20/3/03 The Director of Security (the Director), pursuant to s114D of the Act, made and provided to the Minister of Immigration (the Minister) the certificate. The certificate provided that Mr Zaoui met the following relevant refugee deportation security criteria in s114C(6) of the Act, namely:
(a) the person’s continued presence in New Zealand constitutes a threat to national security in terms of s72 of the Act; and
(b) there are reasonable grounds for regarding the person as a danger to the security of New Zealand, in terms of Article 33.2 of the Refugee Convention (as defined in s2 of the Act).
21/3/03 The Minister decided under s114G(1) of the Act to place preliminary reliance on the certificate. Mr Zaoui has applied to review the certificate in accordance with the provisions of s114H of the Act.
28/3/03 Judge Singh in the Manukau District Court issued the warrant pursuant to s114O of the Act. This authorised the ongoing detention of Mr Zaoui in Auckland Prison.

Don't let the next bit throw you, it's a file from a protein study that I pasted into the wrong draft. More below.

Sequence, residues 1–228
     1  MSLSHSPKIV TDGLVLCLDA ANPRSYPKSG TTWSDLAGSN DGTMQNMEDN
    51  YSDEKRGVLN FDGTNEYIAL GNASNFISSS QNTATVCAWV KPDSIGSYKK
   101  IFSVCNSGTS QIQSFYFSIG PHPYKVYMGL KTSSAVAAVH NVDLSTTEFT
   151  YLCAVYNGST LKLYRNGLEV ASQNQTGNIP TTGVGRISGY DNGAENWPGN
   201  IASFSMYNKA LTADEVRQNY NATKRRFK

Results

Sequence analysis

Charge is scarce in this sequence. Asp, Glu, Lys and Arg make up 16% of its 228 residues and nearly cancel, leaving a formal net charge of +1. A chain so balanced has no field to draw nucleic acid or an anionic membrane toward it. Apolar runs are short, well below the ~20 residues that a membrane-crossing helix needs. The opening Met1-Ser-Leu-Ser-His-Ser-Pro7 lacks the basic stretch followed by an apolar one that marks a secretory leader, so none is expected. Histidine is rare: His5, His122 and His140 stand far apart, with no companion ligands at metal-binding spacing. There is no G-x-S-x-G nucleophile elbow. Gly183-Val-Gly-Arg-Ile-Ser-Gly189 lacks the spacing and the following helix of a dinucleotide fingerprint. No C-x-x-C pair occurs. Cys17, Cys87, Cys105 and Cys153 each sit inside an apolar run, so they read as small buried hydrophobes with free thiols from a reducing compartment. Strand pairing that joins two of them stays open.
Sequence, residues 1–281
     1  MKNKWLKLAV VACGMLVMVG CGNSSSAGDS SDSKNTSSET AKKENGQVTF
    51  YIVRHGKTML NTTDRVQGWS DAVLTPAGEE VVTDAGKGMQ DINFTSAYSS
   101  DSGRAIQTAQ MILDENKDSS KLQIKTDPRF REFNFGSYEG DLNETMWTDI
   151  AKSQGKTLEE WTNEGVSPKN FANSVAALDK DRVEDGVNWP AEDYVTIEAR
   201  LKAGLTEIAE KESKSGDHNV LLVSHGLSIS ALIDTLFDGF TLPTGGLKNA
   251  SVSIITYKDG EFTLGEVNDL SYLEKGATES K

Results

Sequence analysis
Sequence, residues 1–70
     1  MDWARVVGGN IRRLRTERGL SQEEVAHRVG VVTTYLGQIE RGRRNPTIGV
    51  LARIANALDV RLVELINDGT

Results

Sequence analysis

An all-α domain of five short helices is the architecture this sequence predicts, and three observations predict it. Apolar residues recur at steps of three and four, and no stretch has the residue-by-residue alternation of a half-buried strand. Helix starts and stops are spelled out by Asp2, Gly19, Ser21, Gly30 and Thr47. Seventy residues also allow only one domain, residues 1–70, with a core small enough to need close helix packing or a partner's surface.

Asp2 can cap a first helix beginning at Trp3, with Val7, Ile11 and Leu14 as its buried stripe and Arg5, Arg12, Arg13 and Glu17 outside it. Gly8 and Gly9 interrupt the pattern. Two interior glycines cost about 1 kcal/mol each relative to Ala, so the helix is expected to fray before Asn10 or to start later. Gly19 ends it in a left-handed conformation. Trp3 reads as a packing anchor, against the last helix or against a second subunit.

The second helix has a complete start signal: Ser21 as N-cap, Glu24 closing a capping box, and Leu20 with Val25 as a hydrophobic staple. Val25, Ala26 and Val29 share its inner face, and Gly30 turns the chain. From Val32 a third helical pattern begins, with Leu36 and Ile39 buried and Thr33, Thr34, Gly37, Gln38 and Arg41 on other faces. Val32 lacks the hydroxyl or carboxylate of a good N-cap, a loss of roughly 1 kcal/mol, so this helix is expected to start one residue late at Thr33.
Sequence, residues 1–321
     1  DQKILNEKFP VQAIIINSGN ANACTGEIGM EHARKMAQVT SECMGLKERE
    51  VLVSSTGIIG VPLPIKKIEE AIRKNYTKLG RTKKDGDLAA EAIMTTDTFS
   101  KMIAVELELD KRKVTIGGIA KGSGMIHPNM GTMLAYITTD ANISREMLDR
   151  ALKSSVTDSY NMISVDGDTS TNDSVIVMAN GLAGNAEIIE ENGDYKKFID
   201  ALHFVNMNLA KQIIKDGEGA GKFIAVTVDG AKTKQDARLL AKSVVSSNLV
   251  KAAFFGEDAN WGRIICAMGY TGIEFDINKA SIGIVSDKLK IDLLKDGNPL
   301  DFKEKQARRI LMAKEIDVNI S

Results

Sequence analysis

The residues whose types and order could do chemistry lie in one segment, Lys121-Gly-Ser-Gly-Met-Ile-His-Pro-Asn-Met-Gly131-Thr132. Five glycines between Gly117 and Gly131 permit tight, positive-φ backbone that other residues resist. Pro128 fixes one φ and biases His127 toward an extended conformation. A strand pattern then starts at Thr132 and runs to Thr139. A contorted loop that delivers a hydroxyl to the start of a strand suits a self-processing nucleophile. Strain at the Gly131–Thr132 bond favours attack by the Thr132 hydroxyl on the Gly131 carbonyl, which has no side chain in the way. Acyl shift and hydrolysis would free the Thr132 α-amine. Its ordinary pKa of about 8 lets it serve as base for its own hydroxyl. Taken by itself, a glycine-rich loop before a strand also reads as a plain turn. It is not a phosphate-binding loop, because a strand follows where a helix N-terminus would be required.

1/8/03 The Refugee Status Appeal Authority (RSAA) allowed Mr Zaoui’s appeal against the decision of the Refugee Status Officer denying Mr Zaoui refugee status.
16/10/03 Mr Zaoui transferred to the remand prison. The transfer followed a report from a psychologist who recommended, because of Mr Zaoui’s psychological condition, that he be transferred out of Auckland Prison. Since then he has been treated as a remand inmate.
19/12/03 Williams J gave judgment in Zaoui v Attorney-General & Anor  2 NZLR 339. He held that Mr Zaoui was entitled to an adequate summary of the allegations against him and the Director’s reason for considering him a danger to the security of New Zealand; and that Mr Zaoui was entitled to have his rights and status as a recognised refugee taken into account by the Inspector-General of Intelligence and Security (the Inspector-General) in the course of the his review of the certificate. The Crown appealed against this latter ruling (the human rights aspect), and Mr Zaoui cross-appealed on the basis that Williams J’s judgment did not go far enough. The Court of Appeal has heard the appeal on 10 and 11 May last but has not yet delivered its judgment.
27/1/04 The Director provided Mr Zaoui with a “Summary of Allegations and Reasoning” for making the certificate.